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Utah State Senate leadership announces priorities for upcoming session

Utah state capitol building
GOP leadership remained largely unchanged following the midterm elections.

Senate President J. Stuart Adams and House Speaker Brad Wilson held their positions for another term, but there is one change to Republican leadership in the Utah Legislature. Rep. Karianne Lisonbee was elected as House Majority Whip.

Following the announcement, President Adams outlined the team’s priorities for the upcoming session.

“One of the challenges that we have is water. We all know what's going on at the Great Salt Lake. And we know the challenges there. But I want to tell everyone that I believe that we are going to meet that challenge. We will meet it head-on,” he said.

Sen. Ann Millner, Senate Majority Whip, said Senate leadership is also looking for ways to offset rising inflation.

“We know that people are feeling the pressure of inflation, and we'll certainly be looking at areas around tax policy and tax cuts that will help us support individuals as we work through this process, but in a balanced way,” she said.

She touted the state’s history of fiscally conservative principles as the reason for Utah’s strong economy.

“I believe it's the reason that we have the thriving business environment that we have, that we have the strong economy, that we continue to rank in the top of the nation in terms of strong economic development and growth,” Millner said.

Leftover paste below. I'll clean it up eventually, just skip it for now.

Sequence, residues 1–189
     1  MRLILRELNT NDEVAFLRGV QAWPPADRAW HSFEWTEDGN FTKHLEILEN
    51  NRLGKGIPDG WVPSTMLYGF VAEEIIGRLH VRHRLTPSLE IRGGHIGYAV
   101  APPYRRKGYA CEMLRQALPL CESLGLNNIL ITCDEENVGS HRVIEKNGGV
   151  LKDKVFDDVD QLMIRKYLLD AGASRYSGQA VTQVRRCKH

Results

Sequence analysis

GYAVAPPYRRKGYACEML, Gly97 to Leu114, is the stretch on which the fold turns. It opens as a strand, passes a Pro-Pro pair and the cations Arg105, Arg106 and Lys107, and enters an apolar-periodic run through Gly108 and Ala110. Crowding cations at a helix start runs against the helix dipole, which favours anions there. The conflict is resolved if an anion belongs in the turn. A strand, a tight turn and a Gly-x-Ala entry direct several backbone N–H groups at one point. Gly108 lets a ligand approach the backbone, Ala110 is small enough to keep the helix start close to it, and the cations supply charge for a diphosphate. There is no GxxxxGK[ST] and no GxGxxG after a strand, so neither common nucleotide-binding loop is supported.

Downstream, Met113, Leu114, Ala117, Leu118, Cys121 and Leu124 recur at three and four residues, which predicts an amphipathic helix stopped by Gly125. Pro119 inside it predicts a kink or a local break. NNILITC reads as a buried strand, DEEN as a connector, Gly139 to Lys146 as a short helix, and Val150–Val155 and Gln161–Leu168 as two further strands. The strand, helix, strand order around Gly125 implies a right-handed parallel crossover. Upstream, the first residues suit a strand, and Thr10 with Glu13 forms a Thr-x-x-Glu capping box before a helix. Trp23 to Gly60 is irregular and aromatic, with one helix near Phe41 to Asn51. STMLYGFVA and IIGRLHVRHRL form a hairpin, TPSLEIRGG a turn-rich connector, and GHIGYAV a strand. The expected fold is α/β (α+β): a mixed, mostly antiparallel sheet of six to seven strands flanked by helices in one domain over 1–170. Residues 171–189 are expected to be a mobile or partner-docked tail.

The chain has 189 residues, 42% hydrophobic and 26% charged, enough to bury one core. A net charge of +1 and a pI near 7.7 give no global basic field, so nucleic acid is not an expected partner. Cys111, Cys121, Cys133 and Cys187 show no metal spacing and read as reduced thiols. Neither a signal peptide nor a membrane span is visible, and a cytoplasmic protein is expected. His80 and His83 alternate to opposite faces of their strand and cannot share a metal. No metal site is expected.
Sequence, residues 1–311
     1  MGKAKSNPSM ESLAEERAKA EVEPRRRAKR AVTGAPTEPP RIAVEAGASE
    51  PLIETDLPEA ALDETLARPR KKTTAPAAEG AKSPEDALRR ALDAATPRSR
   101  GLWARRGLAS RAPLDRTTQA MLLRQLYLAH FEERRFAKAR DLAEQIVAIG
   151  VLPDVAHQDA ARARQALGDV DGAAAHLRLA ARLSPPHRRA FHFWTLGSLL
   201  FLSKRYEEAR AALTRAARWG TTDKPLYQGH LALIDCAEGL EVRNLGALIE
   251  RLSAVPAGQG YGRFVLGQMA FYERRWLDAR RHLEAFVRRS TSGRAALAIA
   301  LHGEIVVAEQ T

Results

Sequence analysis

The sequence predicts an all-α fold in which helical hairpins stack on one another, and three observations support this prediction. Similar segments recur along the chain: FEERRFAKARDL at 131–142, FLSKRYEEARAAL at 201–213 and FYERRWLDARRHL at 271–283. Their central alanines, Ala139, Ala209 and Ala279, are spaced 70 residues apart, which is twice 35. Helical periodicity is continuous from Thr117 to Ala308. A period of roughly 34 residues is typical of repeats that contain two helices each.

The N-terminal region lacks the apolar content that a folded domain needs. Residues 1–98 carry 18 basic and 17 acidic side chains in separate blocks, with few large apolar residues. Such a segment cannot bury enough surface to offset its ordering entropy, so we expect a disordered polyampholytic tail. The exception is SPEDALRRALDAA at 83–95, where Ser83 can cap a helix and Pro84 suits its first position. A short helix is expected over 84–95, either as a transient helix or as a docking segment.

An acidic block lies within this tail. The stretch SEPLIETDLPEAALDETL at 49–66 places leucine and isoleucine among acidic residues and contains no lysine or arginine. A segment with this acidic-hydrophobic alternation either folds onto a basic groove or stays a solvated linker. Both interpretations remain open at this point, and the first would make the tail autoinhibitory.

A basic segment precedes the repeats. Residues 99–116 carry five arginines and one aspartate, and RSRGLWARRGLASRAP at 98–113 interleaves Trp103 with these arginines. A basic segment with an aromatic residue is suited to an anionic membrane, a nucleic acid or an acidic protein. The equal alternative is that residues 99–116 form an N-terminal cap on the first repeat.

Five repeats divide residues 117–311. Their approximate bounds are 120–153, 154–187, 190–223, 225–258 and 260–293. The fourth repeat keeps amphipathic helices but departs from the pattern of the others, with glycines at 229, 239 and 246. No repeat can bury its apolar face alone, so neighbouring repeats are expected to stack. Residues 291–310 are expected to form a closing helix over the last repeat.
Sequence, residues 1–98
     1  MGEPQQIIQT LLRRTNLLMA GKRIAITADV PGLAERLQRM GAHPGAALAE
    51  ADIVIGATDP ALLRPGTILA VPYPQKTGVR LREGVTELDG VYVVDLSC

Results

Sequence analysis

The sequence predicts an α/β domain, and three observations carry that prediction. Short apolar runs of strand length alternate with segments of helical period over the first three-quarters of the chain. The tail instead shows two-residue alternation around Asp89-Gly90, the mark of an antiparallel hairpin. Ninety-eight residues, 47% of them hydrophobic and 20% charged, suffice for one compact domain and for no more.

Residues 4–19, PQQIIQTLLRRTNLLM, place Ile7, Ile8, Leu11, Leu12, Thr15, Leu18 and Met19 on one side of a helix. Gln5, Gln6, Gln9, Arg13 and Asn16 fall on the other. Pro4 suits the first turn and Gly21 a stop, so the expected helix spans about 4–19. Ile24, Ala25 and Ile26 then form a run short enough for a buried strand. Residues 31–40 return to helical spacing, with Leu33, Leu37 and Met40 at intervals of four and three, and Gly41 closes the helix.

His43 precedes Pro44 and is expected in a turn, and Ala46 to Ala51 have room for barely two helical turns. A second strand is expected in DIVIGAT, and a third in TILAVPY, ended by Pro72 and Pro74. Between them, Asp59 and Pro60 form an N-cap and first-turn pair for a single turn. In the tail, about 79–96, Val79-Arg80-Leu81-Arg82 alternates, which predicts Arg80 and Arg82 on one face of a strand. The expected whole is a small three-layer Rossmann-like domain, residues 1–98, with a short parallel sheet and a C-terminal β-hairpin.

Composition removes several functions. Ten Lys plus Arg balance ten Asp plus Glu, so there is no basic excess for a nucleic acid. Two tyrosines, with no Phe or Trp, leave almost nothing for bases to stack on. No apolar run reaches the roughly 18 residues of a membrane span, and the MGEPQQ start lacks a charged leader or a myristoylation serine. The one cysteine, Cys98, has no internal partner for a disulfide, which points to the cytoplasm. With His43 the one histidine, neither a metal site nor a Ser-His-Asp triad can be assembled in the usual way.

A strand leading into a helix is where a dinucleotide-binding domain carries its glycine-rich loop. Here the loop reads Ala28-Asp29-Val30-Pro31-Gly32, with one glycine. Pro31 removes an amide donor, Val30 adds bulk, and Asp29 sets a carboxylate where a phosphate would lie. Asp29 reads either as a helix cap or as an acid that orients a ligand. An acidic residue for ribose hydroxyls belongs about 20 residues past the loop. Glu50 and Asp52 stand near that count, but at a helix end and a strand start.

Proposed tax cuts to fight inflation may seem to conflict with an additional legislative priority of raising teacher pay, but Senator Adams says they can increase education funding despite cutting taxes.

“We've been able to cut taxes and increase teacher salaries, that doesn't seem to quite make sense. But we're able to do both because of the great economy,” Adams said.

Looking to the next legislative session, Adams predicted they would be able to deliver on these promises, calling the 2023 legislative session the “year of the tax cut.”

Anna grew up begging her mom to play music instead of public radio over the car stereo on the way to school. Now, she loves radio and the power of storytelling through sound. While she is happy to report on anything from dance concerts to laughter practice, her main focus at UPR is political reporting. She is studying Journalism and Political Science at Utah State University and wants to work in political communication after she graduates. In her free time, she spends time with her rescue dog Quigley and enjoys rock climbing.